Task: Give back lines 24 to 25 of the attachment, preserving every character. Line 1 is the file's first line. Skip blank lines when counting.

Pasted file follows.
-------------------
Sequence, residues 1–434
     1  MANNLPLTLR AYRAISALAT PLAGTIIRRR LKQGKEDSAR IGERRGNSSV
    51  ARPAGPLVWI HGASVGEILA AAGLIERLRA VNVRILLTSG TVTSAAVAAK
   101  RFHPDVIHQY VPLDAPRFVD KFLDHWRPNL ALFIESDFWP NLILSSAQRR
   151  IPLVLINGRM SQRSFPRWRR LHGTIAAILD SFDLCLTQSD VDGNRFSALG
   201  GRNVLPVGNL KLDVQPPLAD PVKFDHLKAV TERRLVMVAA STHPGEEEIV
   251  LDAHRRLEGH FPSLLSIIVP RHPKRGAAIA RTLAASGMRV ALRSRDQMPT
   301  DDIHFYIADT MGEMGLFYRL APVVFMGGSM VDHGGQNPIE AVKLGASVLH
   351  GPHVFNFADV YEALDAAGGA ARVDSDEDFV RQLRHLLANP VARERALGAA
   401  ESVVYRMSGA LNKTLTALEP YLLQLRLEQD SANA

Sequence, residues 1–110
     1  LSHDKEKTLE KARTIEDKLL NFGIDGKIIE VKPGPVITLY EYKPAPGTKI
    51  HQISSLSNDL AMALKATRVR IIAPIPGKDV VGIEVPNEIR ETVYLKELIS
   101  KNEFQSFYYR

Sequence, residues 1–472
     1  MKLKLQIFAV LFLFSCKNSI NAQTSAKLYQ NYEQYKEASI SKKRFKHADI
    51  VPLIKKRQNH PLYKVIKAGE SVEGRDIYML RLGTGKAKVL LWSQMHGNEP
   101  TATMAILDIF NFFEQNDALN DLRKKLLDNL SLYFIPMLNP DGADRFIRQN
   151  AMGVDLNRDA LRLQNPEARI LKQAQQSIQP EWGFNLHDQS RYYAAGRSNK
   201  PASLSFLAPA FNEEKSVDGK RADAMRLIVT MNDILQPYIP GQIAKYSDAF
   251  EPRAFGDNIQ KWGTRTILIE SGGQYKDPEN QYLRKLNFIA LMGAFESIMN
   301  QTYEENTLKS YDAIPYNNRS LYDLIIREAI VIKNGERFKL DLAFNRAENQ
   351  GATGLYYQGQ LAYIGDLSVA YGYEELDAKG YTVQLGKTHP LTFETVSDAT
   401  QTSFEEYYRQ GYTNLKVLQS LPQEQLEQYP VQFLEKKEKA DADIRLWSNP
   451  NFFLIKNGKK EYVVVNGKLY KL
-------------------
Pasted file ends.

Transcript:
   401  QTSFEEYYRQ GYTNLKVLQS LPQEQLEQYP VQFLEKKEKA DADIRLWSNP
   451  NFFLIKNGKK EYVVVNGKLY KL